3. Present your Wows! to the executive champion. We did a project with the Virginia Department of Health to upgrade their statewide IT system. When we completed our analysis of their needs, we didn’t settle for a status-quo solution. Instead, we recommended an outside-the-box approach that would deliver greater data insights, higher value, and create an immediate “Wow!” moment. And when we presented to the project’s executive champion, they literally did say, “Wow!”. The long-term result? At the end of the last calendar year, the customer dramatically increased the size of our engagement.

4. Understand both the specific project goals and the broader business objectives. To deliver superior customer experiences and build lasting customer relationships, it’s not enough to simply know what the customer wants to buy. You also have to understand what they’re trying to achieve. What do they want to do with the product or service today? More importantly, what are their aspirations that the product or service will help them achieve?

5. Sustain the customer experience through regular touchpoints. Customer experience isn’t a one-and-done situation. You have to maintain the “Wow!” moments over time. For us, that means quarterly customer-success meetings where we review with the executive champion what we’ve done and what we’ll do next.

It’s also a time for listening. We want to understand how their priorities are changing and what they’re concerned about. Often that requires humility. We naturally feel pride of ownership in a project, but ultimately, it’s the customer’s budget and the customer’s business. We need to consistently listen so that we know when to pivot to deliver the next “Wow!” moment.

Are there a few things that can be done so that when a customer or client has a wow! experience, they inspire others to reach out to you as well?

When we identify a strategic account, we establish an agreement at the beginning of the relationship that if we perform well for them, they’ll act as a referral for us. We then invest in the client accordingly, going above and beyond to earn that referral.

The truth is, if we’re truly focused on customer success and on the principles we’ve put in place — of delivering what’s important to the customer at that moment and having constant touchpoints that deliver value — then referrals happen naturally. When you focus on truly serving customers, they become ambassadors for your brand.

My particular expertise is in retail, so I’d like to ask a question about that. Amazon is going to exert pressure on all of retail for the foreseeable future. New Direct-To-Consumer companies based in China are emerging that offer prices that are much cheaper than US and European brands. What would you advise retail companies and eCommerce companies, for them to be successful in the face of such strong competition?

I think I’m like many consumers in that I try to identify products that work well, last a long time and deliver value for the cost. Of course, the quality of the product is only one aspect of my experience with the brand. I also want a smooth shopping process and excellent customer service when I need it.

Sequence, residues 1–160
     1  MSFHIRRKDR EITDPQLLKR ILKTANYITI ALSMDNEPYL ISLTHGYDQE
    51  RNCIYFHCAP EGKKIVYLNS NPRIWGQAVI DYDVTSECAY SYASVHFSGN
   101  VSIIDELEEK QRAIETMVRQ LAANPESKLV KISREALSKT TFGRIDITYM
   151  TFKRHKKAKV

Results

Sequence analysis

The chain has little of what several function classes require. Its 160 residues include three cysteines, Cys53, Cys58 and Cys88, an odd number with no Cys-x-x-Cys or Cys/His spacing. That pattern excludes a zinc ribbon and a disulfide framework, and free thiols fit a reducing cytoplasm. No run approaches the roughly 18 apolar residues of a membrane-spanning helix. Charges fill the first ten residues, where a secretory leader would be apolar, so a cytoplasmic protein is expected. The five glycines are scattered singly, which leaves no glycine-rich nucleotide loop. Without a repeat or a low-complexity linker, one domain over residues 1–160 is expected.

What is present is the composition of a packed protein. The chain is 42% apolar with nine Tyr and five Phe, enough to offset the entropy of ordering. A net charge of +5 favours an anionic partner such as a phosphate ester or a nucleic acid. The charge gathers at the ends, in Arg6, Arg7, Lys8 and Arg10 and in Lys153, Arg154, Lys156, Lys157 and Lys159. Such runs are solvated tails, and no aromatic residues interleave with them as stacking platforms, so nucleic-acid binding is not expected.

In addition, I look for a brand to be part of the community it serves. Let’s say I want to buy a surfboard. I want to know the company supports the surfing community and that the surfing community is an advocate of the brand.

To succeed, whether you’re Amazon or a direct-to-consumer company or a retailer trying to compete with those models, over the long term you need to deliver on all of those facets of customer experience. If you deliver at a low price but with poor quality, deliver decent products but with lousy service, or provide a nice shopping process yet lack a presence in your target market, your business will suffer. To win in the long term, you need to excel in every aspect of customer experience.

There’s a parallel in the market my company serves. When targeting government agencies, we compete with much larger rivals, from legacy IT providers to global consulting firms. In many cases, these competitors can deliver a solution that will work. However, they’ll charge a lot more and won’t be as responsive to changing needs. Additionally, they won’t give the customer a high level of attention, because they represent only a small fraction of the vendor’s business. Yet there’s a mentality in government agencies that you can’t go wrong by selecting one of these established vendors.

We’ve learned to address that mindset directly. We emphasize that our solution is best-of-breed, our cost is lower, our business model is more responsive, and we’ll deliver a high level of attention, because every customer is high-value to us. In other words, we’ll excel at delivering on every aspect of customer experience.

You are a person of great influence. If you could start a movement that would bring the most amount of good to the most amount of people, what would that be? You never know what your idea can trigger.

Qlarion has developed a set of data analytics technologies and methodologies that address the substance-use crisis in our country, and this is one of my passions. The Qlarion Substance Use Disorder analytics framework provides cross-functional data and analysis to help government leaders respond to the opioid crisis and other challenges related to substance use.

We implemented this approach for the Commonwealth of Virginia as the Framework for Addiction Analysis and Community Transformation, or FAACT. FAACT enables the sharing of formerly isolated datasets among the department of criminal justice, state and local police, private healthcare systems and other organizations. It’s generating insights into factors that contribute to opioid abuse so that government agencies can respond in ways that make a tangible difference.

One thing unique about our approach is that it’s community-based. It leverages state-level data, but it’s focused on individual communities. So communities are empowered to make better decisions specifically relevant to the struggles in their community, stem the tide of drug addiction, prevent drug overdoses, and save lives. At the same time, the technology and framework are scalable, so I’m truly hopeful that we can extend the benefits nationwide.

This was very inspiring. Thank you so much for the time you spent with this!